By Candace Taylor and Katherine Clarke

Nov. 29, 2018 11:29 a.m. ET

 

Reprinted from a paid subscription to the Wall Street Journal.  See the entire article with illustrations here.

 

When actor Brian Kerwin decided to sell his longtime Manhattan home—an 1880s Romanesque townhouse he and his late wife had carefully restored—he was hoping it would go for about $12 million, based on similar sales in the neighborhood. When he and his agent, Kim Mogul Wright of Douglas Elliman Real Estate, agreed on a price tag of $8.5 million, he thought there would be “five takers within a week,” said Mr. Kerwin, 69, who has appeared in movies such as “The Help” and “27 Dresses.”

So he was shocked when the Upper West Side listing got “absolutely zero interest.” Finally, after a year on the market and several price cuts, the redbrick house is now in contract for about $5.5 million.


Accepting that the home would sell for far less than he had imagined was a gradual—and emotional—process, said Mr. Kerwin, who bought the house for less than $1 million in the early 1990s and raised his children there. “It’s like hitchhiking; after standing there for 10 hours you’ll take anything,” he said.

A Bird’s Eye View of the Housing Market





Condo flyover

Mr. Kerwin is one of many Manhattan homeowners struggling to accept the new reality of the New York City real-estate market, as prices slide after a decadelong boom.

This year has brought into sharp focus all the pressures on the market. The slowdown began at the time of a stock market rally and record-low New York City unemployment—factors that typically accompany strong real-estate sales in the city. For that reason, many owners are reluctant to accept lower prices, even as buyers determinedly seek bargains.

New York is facing the convergence of several large economic forces: an oversupply of new condos, a drop in international buyers as some countries impose capital controls, changes to the tax law that cap state and local deductions, and rising interest rates. There is also a shift in taste from uptown to downtown.

As Lee J. Stahl of the design/build firm the Renovated Home put it: “It’s a crazy Bermuda Triangle of forces that have lined up against people trying to sell and buy these properties.” The Upper East Side luxury co-op market in particular is “a train wreck,” said Mr. Stahl, who often works with agents listing properties in need of renovation.

In August, for example, financier Ramesh Singh sold his sprawling Park Avenue duplex for $13.75 million—far less than the $20.365 million he paid in 2008, according to public records.

That’s a far different scenario from 2016, when New York City real-estate prices climbed to new heights as moneyed buyers from all over the world stashed cash in ultraluxury megatowers.

Just two years ago, “the units sold themselves,” said agent Ann Cutbill Lenane of Douglas Elliman Real Estate. “We were like Vanna White pointing at the letters and they magically turned over.”

In the third quarter of this year, the overall number of Manhattan home sales dropped 11%, according to a report from Douglas Elliman. Some sellers of Manhattan apartments have taken losses of up to 30% or more from what they originally paid for them at various points in time, according to a data analysis for The Wall Street Journal by the real-estate listings website StreetEasy.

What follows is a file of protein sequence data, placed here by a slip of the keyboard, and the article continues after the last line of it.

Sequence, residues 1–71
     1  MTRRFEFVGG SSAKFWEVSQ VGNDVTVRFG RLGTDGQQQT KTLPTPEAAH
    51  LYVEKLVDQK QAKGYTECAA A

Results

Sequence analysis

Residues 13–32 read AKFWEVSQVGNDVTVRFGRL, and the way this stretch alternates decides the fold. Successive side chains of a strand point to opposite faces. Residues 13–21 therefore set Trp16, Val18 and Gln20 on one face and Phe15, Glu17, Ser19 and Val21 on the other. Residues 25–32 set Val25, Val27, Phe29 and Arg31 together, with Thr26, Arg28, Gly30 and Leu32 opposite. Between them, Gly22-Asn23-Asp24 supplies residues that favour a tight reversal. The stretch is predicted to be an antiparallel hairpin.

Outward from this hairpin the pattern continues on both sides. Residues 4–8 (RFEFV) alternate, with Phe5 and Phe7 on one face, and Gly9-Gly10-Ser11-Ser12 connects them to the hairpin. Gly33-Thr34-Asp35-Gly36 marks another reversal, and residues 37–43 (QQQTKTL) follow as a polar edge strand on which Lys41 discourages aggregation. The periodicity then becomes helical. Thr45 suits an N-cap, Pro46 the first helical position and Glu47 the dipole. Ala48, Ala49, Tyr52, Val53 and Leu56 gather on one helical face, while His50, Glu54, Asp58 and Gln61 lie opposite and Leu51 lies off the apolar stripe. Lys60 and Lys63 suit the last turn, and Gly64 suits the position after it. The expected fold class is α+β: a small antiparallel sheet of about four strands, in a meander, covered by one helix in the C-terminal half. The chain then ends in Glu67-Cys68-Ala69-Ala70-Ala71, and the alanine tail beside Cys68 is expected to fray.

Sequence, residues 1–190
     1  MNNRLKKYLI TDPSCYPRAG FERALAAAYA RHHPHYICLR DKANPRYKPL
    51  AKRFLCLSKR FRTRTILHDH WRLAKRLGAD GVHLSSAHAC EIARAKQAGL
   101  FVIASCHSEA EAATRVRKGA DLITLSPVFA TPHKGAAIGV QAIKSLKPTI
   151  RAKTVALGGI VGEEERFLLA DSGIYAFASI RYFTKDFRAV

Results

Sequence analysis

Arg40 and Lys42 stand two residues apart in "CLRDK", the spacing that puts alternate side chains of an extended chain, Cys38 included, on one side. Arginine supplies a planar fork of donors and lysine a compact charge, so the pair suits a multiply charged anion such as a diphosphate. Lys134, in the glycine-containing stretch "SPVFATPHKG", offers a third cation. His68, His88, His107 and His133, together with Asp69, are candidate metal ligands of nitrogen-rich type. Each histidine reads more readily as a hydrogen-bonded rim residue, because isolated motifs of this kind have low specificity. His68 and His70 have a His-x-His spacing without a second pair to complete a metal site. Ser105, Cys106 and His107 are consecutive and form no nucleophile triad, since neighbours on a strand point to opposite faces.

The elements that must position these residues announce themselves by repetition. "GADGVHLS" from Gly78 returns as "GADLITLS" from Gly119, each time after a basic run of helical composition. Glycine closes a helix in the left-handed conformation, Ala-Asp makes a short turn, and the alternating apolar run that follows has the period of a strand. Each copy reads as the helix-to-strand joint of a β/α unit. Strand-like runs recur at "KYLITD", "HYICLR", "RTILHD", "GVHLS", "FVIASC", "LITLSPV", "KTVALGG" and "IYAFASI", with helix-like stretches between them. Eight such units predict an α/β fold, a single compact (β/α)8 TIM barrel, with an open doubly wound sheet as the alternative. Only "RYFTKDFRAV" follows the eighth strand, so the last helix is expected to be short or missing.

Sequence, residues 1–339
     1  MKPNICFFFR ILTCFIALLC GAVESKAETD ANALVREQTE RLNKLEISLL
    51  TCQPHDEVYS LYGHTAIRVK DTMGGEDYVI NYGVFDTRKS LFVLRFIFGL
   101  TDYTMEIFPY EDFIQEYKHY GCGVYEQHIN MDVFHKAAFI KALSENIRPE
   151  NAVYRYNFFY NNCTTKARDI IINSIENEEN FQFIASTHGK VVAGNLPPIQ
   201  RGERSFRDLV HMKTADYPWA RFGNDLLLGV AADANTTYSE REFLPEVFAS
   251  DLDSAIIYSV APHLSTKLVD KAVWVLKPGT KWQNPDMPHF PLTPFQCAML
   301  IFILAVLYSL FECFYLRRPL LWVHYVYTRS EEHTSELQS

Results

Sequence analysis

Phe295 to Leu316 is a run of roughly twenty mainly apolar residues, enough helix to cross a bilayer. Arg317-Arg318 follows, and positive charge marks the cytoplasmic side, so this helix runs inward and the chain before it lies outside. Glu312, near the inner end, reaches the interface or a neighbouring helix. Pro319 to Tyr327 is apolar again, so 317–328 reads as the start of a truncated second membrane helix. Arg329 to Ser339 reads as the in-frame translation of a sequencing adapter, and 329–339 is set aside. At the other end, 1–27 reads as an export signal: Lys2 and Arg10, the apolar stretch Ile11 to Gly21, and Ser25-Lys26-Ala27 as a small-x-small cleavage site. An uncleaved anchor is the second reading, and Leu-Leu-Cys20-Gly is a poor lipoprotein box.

Other boldface names who lost money on recent deals include U.S. Commerce Secretary Wilbur Ross, who last year sold his four-bedroom Midtown Manhattan penthouse—with a dining room that comfortably seats 30—for $15.95 million, down from the $18 million he paid for it in 2007, according to public records.

Rolling Stones guitarist Keith Richards sold his Greenwich Village penthouse this fall for $9 million, four years after buying it for $10.5 million.

One factor is the dramatic oversupply of high-price, new construction condos. Some 1,775 new Manhattan condos are forecast to hit the market by the end of 2018, according to Corcoran Sunshine; in 2011, there were 277. Of the active condo listings on the market, nearly 800 are listed for $5 million or more, up 61% from 462 in 2013.

Manhattan condo builders paid record prices for land and built increasingly tall towers, leaving the city with a huge pool of expensive supply. “People started doing these developments with pricing expectations that were insane,” said New York developer Ian Bruce Eichner.

Now many of those developers are cutting prices and offering incentives such as paying buyers’ transfer taxes, says Stephen Kliegerman, president of Halstead Development Marketing.

Real-estate agent Tal Alexander of Douglas Elliman said he also sees agents promise sellers unrealistic prices to secure listing exclusives, so properties linger on the market for years and undergo price cuts. “It leads buyers to believe that the market is weaker than it actually is,” he said.

John Iacono, co-president of New Jersey-based car dealership Bram Auto Group, said that when he and his wife listed the Financial District condo they bought in 2009, they encountered stiff competition from new developments.

New buildings “are now very negotiable,” Mr. Iacono said, and buyers are “not afraid of asking for a reduction in price.”

The couple switched real-estate agents and cut the price, and finally, in October, they sold the apartment for $2.32 million, compared with the $2.97 million they paid in 2009. Mr. Iacono said he preferred to cut his losses and move on rather than wait for the market to rebound.